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Re-imagining probation practice
New book: Reimagining Probation Practice: Re-Forming Rehabilitation in an Age of Penal Excess

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Re-forming Rehabilitation in an Age of Penal Excess

This is a guest post by Nicola Carr, one of the editors of a new book: Reimagining Probation Practice: Re-Forming Rehabilitation in an Age of Penal Excess. Nicola is one of the five editors alongside Lol Burke, Emma Cluley, Steve Collett and Fergus McNeill. 

Probation changes

Most readers of this blog will not need reminding of the profound changes that probation services in England and Wales have undergone in recent years, including the implementation of the Transforming Rehabilitation reforms and the process of their reversal, which very much remains an ongoing project. More broadly, over the past twenty years or so we have seen an expanded repertoire of community sanctions, which has included changes to their nature and format. This has led to an increasing array and intensification of the possible conditions that can be attached to community orders and post-custodial release requirements. Some critiques of these trends have identified the negative effects associated with ‘net-widening’, as well as a hollowing out of the idea of rehabilitation.

The book

Our book, Reimagining Probation Practice – Re-Forming Rehabilitation in an Age of Penal Excess published by Routledge,  aims to engage with some of these debates, by exploring how rehabilitation is currently conceptualised and practiced in a range of probation settings and importantly how it can be reimagined. Much of existing research and writing about probation tends to focus on the individual relationship between the probation practitioner and the person under supervision, when in fact probation work takes place in a much wider range of settings. To address this gap this book contains chapters exploring probation practice in a diverse range of settings, including courts, individual and group work interventions, unpaid work, resettlement, public protection work, partnerships, approved premises, education and training and probation inspections.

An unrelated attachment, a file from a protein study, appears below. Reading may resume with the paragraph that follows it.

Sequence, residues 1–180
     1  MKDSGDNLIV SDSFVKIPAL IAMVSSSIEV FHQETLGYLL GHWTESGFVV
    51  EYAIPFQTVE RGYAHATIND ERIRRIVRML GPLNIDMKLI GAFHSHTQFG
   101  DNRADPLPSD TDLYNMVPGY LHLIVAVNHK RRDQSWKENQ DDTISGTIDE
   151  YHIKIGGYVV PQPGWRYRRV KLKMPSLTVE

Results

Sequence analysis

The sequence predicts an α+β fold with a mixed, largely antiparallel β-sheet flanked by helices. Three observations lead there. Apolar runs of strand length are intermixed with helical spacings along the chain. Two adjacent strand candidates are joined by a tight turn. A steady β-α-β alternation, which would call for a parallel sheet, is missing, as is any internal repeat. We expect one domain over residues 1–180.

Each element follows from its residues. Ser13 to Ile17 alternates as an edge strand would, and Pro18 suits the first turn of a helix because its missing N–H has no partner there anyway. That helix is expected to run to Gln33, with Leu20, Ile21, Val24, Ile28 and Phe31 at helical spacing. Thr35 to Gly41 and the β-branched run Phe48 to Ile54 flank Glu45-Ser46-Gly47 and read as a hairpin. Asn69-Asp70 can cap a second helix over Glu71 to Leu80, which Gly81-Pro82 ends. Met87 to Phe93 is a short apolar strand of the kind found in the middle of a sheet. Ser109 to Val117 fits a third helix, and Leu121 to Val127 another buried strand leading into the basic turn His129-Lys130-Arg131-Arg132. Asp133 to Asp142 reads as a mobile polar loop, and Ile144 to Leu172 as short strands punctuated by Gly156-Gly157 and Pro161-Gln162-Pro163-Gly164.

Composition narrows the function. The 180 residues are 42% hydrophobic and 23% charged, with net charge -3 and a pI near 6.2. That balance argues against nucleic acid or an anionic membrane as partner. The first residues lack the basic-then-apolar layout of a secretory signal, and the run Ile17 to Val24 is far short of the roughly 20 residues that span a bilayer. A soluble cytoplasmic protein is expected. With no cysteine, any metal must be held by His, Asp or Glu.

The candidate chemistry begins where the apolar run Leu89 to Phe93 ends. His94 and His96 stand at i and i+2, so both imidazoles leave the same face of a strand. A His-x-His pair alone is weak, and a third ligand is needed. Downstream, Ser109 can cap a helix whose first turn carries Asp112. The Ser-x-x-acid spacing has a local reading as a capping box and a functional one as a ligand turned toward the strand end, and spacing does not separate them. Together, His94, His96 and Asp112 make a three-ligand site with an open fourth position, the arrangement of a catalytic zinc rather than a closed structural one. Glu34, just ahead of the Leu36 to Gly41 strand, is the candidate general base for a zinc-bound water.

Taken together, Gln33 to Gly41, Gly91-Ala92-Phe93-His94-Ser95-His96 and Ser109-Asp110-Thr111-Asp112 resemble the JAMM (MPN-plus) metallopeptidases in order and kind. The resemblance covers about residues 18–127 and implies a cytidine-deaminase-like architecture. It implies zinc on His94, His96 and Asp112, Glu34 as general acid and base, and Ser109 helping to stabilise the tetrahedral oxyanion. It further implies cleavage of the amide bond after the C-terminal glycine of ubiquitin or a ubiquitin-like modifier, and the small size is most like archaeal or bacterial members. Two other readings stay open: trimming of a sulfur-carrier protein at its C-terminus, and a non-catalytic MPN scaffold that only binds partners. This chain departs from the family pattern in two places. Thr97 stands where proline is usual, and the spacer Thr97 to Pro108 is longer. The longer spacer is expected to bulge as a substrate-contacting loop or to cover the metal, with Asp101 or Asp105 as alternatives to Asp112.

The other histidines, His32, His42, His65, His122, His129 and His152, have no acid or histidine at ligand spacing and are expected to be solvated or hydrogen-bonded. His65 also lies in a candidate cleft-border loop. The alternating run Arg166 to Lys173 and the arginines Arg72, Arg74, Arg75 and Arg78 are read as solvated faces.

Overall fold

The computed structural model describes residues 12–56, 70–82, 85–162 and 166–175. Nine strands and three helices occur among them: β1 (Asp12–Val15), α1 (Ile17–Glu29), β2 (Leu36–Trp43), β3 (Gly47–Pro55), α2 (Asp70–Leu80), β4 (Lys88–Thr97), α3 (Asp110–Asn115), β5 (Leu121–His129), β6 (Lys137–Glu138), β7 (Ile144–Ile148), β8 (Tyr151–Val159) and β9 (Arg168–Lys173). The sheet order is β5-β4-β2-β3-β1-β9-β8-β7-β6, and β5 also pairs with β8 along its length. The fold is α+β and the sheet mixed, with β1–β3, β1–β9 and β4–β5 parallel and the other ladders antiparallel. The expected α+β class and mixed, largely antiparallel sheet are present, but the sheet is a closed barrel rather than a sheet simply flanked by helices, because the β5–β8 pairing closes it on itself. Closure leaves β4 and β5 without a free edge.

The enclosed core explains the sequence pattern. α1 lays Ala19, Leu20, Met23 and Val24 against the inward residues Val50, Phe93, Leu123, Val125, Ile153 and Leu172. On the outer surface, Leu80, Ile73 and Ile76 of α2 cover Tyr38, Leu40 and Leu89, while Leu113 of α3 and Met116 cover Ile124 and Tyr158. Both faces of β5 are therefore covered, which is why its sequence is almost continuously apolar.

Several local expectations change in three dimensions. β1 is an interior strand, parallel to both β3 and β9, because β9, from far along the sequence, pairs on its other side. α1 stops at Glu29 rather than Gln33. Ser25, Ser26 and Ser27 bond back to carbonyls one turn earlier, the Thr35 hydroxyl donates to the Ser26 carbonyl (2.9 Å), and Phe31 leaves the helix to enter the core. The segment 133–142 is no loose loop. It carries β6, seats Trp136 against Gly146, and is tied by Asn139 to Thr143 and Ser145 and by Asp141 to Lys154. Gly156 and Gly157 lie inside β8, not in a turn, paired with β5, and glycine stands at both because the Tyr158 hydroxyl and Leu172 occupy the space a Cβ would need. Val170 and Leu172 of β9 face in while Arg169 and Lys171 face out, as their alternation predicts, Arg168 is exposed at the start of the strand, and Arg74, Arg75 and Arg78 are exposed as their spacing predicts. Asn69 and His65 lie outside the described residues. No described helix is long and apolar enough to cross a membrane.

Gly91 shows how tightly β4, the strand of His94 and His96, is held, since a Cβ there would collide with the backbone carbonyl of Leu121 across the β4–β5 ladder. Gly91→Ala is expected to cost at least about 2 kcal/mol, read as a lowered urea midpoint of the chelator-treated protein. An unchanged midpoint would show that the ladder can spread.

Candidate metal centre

Each chapter provides a brief history of the particular setting and the current policy context of probation practice within that setting. In earlier work Fergus McNeill (2012), one of the co-editors of the book, set out a multi-dimensional model of rehabilitation, including the following domains: personal, social, moral and judicial/legal rehabilitation. As he observed in this work, there is an overemphasis in probation practice on aspects of ‘personal’ rehabilitation, i.e. a focus on what the individual needs to do to change, with much less attention being paid to the reciprocal responsibilities of the services and the state to promote rehabilitation, by creating the conditions where this can occur (i.e. the other dimensions of this model). Each chapter therefore considers how applying the four forms would impact on probation practice within the different settings.  To address the question of net-widening, we also consider how community sanctions can be used more ‘parsimoniously’ and ‘productively’.

Academics in partnership with practitioners

One of the unique features of the book is that most of the chapters are jointly written by academics and probation practitioners. We took this approach because any consideration of how probation practice can be reimagined has to foreground perspectives from practitioners who are carrying out this work. We conclude the book by exploring questions of wider legitimacy of probation services, particularly at this critical juncture. We reflect on the need for the development of institutional capital and an independent professional voice to challenge the injustices that probation practitioners encounter every day in their work. We hope that the book contributes to these discussions.

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Transforming Rehabilitation under the microscope

The latest edition of the British Journal of Community Justice is a special issue dedicated to Transforming Rehabilitation. It is more than double its normal length and has been made available for free online. You can also order the print edition for just £5 (+£2 p&p).

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